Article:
5 Gimmick-Free Tips to Banish Your Credit Card Debt for Good

5 Gimmick-Free Tips to Banish Your Credit Card Debt for Good
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Last year, Americans who took on debt during the holidays took on an average of $1,054 in credit card debt when holiday shopping. Additionally, 65% of Americans who went into debt over the 2016 holiday season did so unexpectedly. Were you one of them?

If you accrued credit card debt over the holidays, you’re in the right place. In this article, we’ll give you a few tips on how to avoid digging yourself deeper into debt, pay down your current debt, and do so while paying minimal interest.

women sitting at a laptop

Step one: get organized

You need to take control of your finances before you can start paying down your debts. Start by organizing your debts, savings, and account balances in one place. This lets you see exactly how much you owe at a glance, giving you a big picture look at your debt. You can use a spreadsheet or financial tracking app like Mint to do this.

Dive deeper and add your interest rates and projected monthly payments to your spreadsheet. This gives you a look at how much interest you’ll end up paying, ensuring you’re not met with any surprises when your statement closes.


Put a savings plan in place.

Prevent yourself from going deeper in debt by making a budget. There are many budgeting methods you can use to stay on track–one of the more straightforward methods is the “bucket method”. Using this method, give yourself a certain amount of money to spend on every category of expense you have. Say, $50 for bus tickets, $500 for groceries, and $1,000 for rent. Save the remaining money or use it to pay down debts at the end of each month.

Keep using the financial spreadsheet or finance app you set up at the beginning of this article too. Log all of your expenses and tag them by category. This gives you real-time access to your spending and lets you keep up-to-date with how much money is left in each “bucket”.

dollar bills laid out

How should you save?

Quick note on savings: your first order of action should be to have an emergency fund in place. This is generally thought of as enough money to cover your basic living expenses for two to three months in case of financial emergency. For bonus points, put your emergency fund in a savings account that isn’t linked to your checking account to ensure that you don’t pull from it.

After making an emergency fund, pay down your high interest debts before working to fund a savings or investment account. The money you’ll pay in interest fees will greatly overpower the amount of interest you may earn in a savings account.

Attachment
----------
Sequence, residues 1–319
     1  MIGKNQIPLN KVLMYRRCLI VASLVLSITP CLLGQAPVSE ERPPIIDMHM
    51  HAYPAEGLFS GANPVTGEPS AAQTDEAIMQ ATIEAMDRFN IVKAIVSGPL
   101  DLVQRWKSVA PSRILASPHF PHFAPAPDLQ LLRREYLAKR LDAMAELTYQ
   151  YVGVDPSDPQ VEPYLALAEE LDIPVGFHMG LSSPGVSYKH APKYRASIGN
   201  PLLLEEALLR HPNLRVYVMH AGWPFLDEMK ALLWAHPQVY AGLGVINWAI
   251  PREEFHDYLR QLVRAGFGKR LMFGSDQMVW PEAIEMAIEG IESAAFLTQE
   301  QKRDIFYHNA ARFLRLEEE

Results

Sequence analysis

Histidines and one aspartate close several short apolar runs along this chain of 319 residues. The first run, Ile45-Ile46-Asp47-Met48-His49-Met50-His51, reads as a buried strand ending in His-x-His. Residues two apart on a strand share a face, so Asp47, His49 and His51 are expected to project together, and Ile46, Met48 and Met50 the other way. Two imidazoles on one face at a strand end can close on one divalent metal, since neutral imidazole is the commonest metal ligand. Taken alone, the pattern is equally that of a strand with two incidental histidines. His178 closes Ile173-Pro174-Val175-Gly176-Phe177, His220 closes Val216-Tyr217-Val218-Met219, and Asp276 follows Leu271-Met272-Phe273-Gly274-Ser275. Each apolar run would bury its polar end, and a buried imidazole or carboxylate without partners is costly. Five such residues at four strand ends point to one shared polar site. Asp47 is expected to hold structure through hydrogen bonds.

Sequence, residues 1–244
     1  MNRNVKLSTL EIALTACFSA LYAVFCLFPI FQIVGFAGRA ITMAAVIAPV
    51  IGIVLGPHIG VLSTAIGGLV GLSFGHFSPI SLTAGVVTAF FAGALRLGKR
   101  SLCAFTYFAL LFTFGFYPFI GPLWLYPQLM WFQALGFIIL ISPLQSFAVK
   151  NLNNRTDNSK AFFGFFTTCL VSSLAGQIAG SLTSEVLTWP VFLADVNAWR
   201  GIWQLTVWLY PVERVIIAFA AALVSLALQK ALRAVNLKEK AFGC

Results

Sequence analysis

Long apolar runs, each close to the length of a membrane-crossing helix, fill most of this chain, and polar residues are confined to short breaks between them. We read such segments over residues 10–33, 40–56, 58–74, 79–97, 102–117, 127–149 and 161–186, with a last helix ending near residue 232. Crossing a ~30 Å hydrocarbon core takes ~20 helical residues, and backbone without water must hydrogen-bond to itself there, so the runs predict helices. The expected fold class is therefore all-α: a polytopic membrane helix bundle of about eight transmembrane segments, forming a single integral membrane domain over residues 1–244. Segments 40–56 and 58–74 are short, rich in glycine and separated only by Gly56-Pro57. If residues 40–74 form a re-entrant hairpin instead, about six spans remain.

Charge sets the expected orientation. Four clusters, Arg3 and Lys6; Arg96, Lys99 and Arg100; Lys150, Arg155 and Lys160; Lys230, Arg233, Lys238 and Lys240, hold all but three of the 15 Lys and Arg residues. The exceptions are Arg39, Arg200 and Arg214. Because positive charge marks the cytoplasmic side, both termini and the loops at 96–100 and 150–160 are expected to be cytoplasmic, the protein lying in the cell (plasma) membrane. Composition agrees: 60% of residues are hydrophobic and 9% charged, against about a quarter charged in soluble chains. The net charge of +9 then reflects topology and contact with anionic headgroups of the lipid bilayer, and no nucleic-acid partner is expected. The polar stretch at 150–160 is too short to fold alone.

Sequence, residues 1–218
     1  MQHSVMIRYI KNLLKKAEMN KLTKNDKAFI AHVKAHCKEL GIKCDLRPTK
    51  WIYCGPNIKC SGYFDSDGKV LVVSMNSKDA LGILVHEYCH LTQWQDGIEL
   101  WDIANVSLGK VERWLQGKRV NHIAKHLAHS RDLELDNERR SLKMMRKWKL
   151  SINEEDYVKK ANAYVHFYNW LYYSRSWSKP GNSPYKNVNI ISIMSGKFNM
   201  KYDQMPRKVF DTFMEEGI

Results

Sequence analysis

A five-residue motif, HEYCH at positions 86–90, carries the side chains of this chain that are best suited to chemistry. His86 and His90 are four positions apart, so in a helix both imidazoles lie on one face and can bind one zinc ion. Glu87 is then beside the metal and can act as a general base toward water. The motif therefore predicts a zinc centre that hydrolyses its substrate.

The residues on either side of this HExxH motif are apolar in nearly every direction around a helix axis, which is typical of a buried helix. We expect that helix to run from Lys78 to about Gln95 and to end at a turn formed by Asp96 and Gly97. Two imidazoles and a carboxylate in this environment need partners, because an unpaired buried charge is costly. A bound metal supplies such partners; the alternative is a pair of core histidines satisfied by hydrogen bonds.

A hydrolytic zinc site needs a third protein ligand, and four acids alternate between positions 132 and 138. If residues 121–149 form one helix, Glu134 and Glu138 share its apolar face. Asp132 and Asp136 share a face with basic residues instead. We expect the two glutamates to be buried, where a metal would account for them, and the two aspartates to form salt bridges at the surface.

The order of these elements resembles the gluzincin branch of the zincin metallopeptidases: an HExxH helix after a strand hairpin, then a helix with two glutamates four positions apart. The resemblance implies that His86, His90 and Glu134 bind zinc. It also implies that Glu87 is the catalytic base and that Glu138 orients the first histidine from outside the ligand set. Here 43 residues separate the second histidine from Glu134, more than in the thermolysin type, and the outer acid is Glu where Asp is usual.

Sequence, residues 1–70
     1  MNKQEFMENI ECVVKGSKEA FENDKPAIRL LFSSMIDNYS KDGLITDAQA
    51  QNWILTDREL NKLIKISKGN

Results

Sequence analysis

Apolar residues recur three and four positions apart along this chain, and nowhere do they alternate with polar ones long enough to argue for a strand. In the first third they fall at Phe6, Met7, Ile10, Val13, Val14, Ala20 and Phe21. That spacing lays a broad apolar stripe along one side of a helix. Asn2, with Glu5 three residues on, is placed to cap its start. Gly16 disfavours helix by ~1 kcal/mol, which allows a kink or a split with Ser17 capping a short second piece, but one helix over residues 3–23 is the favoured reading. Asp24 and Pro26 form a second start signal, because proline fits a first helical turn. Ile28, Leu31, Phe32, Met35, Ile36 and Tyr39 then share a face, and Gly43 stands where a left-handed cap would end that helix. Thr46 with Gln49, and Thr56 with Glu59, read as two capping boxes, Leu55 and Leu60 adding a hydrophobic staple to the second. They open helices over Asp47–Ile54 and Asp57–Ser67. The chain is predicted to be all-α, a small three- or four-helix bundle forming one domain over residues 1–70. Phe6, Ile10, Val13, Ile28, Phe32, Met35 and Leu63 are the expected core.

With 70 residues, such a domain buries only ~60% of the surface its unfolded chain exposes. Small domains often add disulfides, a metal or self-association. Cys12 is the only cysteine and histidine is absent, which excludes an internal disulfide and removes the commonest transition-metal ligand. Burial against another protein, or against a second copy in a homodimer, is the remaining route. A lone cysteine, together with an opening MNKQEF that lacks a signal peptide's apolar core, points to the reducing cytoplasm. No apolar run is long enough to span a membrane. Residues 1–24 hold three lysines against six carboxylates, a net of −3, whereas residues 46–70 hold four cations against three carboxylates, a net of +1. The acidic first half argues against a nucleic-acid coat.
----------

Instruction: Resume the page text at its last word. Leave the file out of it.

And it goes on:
credit-cards fanned out

Pay down as much debt as possible.

Now that you know your financial situation, it’s time to start paying down your credit card debt. It’s in your best interest to pay down your debts as quickly as you can. This prevents your interest from continuing to grow and will even help improve your credit score by reducing your overall credit utilization (debt to available credit ratio).

For example, if you have $1,000 in credit card debt at an APR of 15.5% and made only the minimum payment of $35 per month, it would take 36 months to pay down your holiday debt. Additionally, interest charges would amount to a whopping $256. If you paid $400 a month, it would take just three months and cost $24 in interest.

closeup of three different credit cards

Consider opening a balance transfer credit card.

Consider moving your balance to a balance transfer credit card if you can’t pay down your debts in a short period of time. Balance transfers are when you move credit card debt from one card to another. Many balance transfer cards offer a 0% interest promotional period that can last anywhere from 12 to 24 months. This gives you a period of time to pay down your balance without accruing more interest.

Moving your balance isn’t free though. Most balance transfer cards charge 1% to 3% of the total balance transferred. Make sure to pay down your balance before the end of your interest-free promotional period. If you don’t, the remaining balance is subject to the APR you were initially approved for.

If you have debt across multiple credit cards, you can consolidate the debts to a single balance transfer card. This makes paying the debts cheaper and more convenient as you have a single credit card to pay down with no interest.

women celebrating

Enjoy living debt free!

Next holiday season, make sure to work your holiday shopping into your newly made budget. This will help you save money and avoid the Blue Monday stress come next January.